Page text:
Rare bird sparks Norfolk spotter scrum

Cley has been a key international destination for birdwatchers for decades - but for its acclaimed coastal nature reserve and not a domestic back garden half a mile inland.

Cley has been a key international destination for birdwatchers for decades - but for its acclaimed coastal nature reserve and not a domestic back garden half a mile inland.

That changed yesterday with the news that a very rare bird, believed to have been seen in Britain only three times before and never in East Anglia, had taken up residence in the garden belonging to Richard and Sue Bending.

The only previously recorded sightings of the white crowned sparrow have been twice in 1977 at Fair Isle off the north west tip of Scotland and Hornsea Mere in Yorkshire, once in 1995 at Seaforth in Merseyside and once in Ireland in 2003 in Cork.

Several hundred birdwatchers and twitchers have paid a visit to Cley in the last two days to spot the North American visitor, which has a striking black-and-white striped head.

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Theories for its presence included being blown off course courtesy of a North Atlantic depression, losing its way because of a defective 'radar' or hitching an accidental ride in the hold of a ship.

But whatever the reason for its visit, no one would have known about the presence of the bird if it had not been for the efforts of the Bendings.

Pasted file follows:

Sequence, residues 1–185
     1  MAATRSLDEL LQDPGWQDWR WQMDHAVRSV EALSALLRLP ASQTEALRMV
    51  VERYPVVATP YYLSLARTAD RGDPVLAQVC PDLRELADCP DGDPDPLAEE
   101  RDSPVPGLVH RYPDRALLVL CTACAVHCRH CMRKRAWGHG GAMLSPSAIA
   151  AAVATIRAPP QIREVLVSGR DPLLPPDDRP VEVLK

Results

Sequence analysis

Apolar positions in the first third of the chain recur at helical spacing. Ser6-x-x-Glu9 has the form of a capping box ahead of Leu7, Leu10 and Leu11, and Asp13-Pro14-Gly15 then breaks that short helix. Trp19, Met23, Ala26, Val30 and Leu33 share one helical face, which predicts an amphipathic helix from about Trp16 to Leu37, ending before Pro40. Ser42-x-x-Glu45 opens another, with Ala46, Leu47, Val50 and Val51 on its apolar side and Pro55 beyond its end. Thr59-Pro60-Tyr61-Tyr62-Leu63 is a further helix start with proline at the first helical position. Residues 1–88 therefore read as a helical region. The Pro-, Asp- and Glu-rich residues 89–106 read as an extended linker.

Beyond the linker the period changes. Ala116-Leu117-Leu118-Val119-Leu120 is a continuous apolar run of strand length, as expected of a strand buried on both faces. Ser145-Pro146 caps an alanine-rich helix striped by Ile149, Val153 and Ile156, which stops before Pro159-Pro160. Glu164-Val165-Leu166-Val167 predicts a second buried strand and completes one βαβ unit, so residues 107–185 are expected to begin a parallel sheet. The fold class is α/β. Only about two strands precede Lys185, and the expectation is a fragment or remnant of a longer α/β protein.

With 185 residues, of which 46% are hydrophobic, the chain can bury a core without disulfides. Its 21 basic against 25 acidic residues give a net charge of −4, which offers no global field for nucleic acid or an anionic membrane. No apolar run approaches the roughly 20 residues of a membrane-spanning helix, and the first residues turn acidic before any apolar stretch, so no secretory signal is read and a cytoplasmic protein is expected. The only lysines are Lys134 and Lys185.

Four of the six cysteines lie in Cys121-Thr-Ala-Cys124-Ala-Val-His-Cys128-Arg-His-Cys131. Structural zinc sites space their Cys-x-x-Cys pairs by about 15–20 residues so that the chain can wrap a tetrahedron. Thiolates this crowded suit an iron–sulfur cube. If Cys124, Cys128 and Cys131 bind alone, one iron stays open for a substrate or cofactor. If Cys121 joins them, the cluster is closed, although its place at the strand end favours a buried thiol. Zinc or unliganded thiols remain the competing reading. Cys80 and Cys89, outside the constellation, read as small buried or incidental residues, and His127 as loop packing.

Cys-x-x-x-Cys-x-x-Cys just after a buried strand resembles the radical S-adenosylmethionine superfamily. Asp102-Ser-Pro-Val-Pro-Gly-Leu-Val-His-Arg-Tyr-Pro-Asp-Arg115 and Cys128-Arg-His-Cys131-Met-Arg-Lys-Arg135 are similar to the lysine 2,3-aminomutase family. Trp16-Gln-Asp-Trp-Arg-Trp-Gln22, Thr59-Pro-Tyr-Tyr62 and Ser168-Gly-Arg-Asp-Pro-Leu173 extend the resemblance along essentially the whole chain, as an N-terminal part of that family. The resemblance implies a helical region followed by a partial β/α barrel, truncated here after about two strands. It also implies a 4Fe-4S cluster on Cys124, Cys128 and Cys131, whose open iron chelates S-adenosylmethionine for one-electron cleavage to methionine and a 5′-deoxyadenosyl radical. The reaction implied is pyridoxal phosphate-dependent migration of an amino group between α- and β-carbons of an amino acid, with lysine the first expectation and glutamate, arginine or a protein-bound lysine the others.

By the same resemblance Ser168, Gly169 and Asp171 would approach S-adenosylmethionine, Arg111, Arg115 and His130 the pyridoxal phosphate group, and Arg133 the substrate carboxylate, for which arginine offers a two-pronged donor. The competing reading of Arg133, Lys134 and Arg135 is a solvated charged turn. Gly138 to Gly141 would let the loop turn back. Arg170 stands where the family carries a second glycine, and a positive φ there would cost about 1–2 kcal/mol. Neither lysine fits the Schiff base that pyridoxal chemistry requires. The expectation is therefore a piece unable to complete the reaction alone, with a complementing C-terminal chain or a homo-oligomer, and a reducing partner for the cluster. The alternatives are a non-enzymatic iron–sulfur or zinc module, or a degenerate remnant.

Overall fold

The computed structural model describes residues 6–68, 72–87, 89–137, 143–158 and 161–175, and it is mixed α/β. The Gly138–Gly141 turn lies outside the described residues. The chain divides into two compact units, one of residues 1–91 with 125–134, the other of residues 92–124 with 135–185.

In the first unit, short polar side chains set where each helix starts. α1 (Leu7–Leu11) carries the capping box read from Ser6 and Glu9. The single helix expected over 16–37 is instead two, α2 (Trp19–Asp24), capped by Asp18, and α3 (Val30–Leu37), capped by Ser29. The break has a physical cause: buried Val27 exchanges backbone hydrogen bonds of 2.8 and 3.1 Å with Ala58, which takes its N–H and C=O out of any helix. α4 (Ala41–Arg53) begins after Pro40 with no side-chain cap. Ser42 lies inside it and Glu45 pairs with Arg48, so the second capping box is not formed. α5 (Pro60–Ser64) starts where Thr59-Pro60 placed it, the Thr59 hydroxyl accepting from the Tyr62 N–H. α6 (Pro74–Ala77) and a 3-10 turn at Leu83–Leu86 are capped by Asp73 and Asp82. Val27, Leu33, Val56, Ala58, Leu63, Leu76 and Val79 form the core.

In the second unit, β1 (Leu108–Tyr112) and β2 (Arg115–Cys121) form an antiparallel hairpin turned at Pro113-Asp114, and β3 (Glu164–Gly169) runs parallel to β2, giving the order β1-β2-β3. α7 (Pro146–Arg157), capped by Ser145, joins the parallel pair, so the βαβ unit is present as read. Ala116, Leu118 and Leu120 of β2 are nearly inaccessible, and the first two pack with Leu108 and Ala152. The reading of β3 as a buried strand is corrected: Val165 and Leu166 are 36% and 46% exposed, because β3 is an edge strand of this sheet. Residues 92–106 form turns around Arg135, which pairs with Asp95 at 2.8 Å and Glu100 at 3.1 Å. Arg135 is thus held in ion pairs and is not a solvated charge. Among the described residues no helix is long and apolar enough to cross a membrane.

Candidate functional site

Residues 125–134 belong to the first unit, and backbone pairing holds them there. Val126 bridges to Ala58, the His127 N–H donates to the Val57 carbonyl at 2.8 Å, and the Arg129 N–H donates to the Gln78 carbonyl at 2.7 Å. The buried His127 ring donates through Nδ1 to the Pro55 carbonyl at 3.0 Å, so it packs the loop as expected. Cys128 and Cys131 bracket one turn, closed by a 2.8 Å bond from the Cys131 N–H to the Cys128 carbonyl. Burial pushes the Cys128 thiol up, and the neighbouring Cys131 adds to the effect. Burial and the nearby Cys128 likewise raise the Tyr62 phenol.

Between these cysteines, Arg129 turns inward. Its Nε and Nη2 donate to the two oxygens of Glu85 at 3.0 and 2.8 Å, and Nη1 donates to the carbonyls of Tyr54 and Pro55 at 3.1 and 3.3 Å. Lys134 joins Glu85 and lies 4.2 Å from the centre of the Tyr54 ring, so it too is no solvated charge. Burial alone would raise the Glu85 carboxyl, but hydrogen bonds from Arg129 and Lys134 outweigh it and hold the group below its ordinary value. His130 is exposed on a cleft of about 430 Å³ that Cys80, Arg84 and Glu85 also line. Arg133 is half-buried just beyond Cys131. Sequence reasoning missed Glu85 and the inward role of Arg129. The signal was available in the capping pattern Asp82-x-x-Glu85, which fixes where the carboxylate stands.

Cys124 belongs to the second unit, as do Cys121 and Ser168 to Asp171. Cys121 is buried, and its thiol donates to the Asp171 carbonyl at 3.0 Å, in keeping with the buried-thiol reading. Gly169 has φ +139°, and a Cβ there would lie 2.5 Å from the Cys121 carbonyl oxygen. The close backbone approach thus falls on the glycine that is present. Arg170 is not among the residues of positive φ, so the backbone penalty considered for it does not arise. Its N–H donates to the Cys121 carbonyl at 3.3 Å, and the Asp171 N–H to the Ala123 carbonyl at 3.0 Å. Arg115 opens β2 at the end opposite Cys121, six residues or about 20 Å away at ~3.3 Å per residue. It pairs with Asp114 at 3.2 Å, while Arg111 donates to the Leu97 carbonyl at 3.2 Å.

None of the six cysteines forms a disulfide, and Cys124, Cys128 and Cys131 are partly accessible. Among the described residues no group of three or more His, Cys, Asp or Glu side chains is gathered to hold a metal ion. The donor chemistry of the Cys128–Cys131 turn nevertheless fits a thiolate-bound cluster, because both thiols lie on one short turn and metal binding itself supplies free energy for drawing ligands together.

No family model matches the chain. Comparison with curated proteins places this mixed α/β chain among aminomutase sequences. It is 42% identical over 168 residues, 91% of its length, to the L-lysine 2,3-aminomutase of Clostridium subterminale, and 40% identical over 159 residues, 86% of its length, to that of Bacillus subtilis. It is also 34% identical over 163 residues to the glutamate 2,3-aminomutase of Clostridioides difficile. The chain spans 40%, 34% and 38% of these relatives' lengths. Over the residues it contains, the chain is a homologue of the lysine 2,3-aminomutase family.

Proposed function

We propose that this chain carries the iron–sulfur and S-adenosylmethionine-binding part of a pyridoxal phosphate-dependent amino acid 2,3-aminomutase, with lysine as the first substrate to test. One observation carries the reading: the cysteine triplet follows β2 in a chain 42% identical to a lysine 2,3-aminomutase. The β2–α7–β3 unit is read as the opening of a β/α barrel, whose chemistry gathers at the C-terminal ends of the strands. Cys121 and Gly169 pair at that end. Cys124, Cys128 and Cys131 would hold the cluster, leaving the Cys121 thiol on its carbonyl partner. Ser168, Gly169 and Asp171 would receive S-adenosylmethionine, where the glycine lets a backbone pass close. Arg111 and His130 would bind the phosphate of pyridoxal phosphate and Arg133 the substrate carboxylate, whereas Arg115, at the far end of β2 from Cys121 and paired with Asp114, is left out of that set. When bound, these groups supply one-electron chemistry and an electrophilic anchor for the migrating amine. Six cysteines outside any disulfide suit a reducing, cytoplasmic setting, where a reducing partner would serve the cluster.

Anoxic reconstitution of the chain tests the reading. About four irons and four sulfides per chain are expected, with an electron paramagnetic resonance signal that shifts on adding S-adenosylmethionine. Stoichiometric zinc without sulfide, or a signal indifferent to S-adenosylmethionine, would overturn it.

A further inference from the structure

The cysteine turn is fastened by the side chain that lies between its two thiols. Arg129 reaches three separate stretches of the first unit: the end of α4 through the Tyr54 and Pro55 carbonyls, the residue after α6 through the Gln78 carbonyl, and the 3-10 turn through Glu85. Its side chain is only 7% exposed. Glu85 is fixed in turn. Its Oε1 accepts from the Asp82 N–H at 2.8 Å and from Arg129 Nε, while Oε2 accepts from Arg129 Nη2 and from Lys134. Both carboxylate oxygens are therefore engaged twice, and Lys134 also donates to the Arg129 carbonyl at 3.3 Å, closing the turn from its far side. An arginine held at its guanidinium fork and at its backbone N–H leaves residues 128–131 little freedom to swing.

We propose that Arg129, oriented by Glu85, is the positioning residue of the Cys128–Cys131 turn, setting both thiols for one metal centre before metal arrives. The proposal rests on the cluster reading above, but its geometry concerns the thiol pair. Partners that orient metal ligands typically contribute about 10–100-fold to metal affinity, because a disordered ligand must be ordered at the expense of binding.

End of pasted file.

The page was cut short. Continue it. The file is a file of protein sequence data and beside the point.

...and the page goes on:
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“We first saw what we thought must be a rather unusual bird feeding in our garden on Thursday,” said Mr Bending.

“We borrowed a book from the library on Friday and it was then that we realised it could be a white crowned sparrow.

“Because we are very much amateurs when it comes to birds we consulted some friends locally who know much more about it.

“On Friday afternoon they came round and agreed it could well be the white crowned sparrow, but it was getting dark so they came back on Saturday morning and it was then that we got to the point of being sure.”

The problem with releasing the information publicly was that the bird could only be seen from the Bendings' cottage, so along with their bird-expert friends, they came up with a plan.

“We felt it would be nice to share this with other people, so we shifted the bird feeders around in the hope we could get the bird to feed where it could be seen from the road,” said Mrs Bending.

“We didn't know if it would work but it didn't take long and on Sunday lunchtime the news was released and people started arriving pretty quickly.

“Most of the time there are 50 to 100 people out there and they move on and are replaced with more people.

“Hundreds of people will see it now, although we can't see it from the house any more!”

Swaffham birdwatcher and the man behind the website www.blueskybirds.co.uk Peter Simpson went to see the sparrow on Sunday.

He said: “People will have travelled significant distances to see this bird. It is a superb bird and I would rate it nine out of 10 for its rarity here.

“What the people who own the garden did was very helpful indeed and means a lot more people have been able to see it.

“It's very hard to know how long it will stay where it is. It could be there for a few weeks because it has found food and shelter and is happy in the company of a little flock of finches, or it could go any time.”

Birdwatchers have been asked to donate to a collection bucket in aid of the church after seeing the bird.

cOMMENT - Page 20

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